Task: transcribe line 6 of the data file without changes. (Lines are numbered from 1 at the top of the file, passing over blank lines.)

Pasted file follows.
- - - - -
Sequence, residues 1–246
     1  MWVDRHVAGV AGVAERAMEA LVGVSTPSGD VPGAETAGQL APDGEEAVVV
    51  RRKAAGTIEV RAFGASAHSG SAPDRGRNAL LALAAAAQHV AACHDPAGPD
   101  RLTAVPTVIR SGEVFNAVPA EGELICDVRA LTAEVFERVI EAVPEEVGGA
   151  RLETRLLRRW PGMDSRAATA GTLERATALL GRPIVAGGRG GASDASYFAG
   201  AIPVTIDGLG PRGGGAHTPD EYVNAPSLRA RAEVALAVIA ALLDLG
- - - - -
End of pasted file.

   201  AIPVTIDGLG PRGGGAHTPD EYVNAPSLRA RAEVALAVIA ALLDLG